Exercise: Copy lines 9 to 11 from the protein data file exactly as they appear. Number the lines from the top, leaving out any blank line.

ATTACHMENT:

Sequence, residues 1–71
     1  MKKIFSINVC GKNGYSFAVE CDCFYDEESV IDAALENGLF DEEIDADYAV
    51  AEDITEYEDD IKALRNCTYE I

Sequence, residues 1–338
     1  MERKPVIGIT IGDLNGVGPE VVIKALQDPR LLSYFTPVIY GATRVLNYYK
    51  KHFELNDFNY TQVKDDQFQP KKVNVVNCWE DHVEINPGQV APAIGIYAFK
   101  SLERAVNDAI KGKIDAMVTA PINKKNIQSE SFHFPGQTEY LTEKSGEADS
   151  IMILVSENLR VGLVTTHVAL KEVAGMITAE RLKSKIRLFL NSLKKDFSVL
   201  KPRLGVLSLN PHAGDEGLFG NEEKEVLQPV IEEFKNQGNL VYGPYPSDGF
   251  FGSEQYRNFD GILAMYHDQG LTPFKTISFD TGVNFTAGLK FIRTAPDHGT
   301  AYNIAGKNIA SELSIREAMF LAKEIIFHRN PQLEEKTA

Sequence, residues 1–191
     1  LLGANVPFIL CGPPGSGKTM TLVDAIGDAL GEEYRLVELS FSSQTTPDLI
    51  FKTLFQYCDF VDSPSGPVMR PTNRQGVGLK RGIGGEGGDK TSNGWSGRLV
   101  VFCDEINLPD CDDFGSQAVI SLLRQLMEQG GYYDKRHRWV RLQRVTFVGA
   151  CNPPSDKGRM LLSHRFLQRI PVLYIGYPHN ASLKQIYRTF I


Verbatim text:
   201  KPRLGVLSLN PHAGDEGLFG NEEKEVLQPV IEEFKNQGNL VYGPYPSDGF
   251  FGSEQYRNFD GILAMYHDQG LTPFKTISFD TGVNFTAGLK FIRTAPDHGT
   301  AYNIAGKNIA SELSIREAMF LAKEIIFHRN PQLEEKTA